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Published in the Irish Echo, My 25-31, 2011:

I have only one comment for the “let byegones be byegones” attitude we have heard from politicians, political commentators and the media about the British queen’s visit to the 26 Counties this week. When England leaves the Six Counties and the Irish Republic of 1916 is re-established, I will consider letting bye-gones be bye-gones.

Jane Enright, Woodside, New York

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Published in SAOIRSE  May 2011

To the editor:

I read with interest Martin McGuinness’ latest statement about the so-called dissidents living in a “fools paradise” and his statement parroting Adams that they are not the Irish Republican Army.

 The IRA exists for a single reason – to rid Ireland of the British presence and reunite the island.  Adams and McGuinness, both panderers to British interests, have absolutely no historical right to the name considering their abandonment of the basic tenets of Republicanism. McGuinness himself should embrace reality and realize that it is he who is in a fools paradise, not those who remain true to the legacy of Tone,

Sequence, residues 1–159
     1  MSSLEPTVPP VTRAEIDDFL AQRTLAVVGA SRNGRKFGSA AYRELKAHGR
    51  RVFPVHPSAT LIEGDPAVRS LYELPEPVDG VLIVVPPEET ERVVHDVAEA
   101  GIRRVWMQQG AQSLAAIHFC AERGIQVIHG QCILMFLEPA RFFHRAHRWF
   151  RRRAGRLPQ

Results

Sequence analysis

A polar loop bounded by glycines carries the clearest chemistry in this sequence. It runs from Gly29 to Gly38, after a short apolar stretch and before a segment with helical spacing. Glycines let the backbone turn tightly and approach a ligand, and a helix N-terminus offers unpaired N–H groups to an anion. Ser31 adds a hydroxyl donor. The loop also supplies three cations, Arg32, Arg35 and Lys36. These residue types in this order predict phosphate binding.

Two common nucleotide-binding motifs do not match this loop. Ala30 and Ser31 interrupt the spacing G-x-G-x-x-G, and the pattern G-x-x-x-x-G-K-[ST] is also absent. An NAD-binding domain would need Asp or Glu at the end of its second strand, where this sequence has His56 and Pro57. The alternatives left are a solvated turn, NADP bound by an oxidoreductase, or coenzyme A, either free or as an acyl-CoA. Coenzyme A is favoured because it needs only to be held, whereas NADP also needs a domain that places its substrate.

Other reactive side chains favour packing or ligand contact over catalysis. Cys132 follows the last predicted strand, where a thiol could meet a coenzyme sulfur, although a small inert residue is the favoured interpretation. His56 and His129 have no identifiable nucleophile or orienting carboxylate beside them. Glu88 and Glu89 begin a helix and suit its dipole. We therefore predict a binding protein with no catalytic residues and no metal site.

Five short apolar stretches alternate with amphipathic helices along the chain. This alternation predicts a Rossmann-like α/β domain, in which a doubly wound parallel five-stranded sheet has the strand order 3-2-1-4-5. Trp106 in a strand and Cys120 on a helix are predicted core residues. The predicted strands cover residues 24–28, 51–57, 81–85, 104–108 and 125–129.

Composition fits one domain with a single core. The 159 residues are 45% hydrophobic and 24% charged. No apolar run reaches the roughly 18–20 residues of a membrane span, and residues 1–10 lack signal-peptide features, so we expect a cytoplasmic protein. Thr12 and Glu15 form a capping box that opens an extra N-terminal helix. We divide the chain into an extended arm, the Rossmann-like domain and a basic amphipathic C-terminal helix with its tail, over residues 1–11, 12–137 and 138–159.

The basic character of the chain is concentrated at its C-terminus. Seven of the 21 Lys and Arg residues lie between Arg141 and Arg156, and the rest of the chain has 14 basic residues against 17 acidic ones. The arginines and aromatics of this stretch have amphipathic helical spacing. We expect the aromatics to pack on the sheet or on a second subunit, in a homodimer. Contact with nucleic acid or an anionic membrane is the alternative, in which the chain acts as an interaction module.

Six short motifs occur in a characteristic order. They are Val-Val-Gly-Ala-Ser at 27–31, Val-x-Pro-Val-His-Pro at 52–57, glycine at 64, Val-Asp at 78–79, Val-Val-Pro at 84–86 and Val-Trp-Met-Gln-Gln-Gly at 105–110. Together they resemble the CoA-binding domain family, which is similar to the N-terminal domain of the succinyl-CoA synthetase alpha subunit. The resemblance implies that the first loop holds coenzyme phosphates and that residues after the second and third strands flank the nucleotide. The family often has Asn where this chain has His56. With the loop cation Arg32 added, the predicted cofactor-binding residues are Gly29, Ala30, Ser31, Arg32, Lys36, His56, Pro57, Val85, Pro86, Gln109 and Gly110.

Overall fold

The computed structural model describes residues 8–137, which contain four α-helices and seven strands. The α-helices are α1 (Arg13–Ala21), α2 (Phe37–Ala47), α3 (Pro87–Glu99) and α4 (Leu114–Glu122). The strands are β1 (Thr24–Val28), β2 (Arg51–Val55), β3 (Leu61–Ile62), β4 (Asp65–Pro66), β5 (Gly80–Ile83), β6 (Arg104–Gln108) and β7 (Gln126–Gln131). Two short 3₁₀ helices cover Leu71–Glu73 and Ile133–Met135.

Emmet, the United Irishmen, the Fenians, the men of 1916 and beyond.

 Like so many who have come before him, it is he and his failed politics that will be relegated to the dustbin of history, not those who are willing to sacrifice all for their love of their homeland.

 In this, the thirtieth anniversary of the 1981 hunger strike that left ten men dead, we should all re-examine the legacy of the GFA and ask ourselves how much ground we are willing to cede  in the interests of a united Ireland.  Violence may not be the ideal route, but to back down now and give way to the traitorous policies of Sinn Fein is a far greater crime against the Irish nation than what has come before.